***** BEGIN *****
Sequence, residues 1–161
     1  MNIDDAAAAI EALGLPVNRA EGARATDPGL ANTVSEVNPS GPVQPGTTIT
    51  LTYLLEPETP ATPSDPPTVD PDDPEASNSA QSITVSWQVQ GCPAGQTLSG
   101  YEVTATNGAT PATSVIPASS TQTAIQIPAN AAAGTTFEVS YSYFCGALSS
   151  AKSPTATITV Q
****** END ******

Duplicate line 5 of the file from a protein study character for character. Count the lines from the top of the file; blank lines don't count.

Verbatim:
   151  AKSPTATITV Q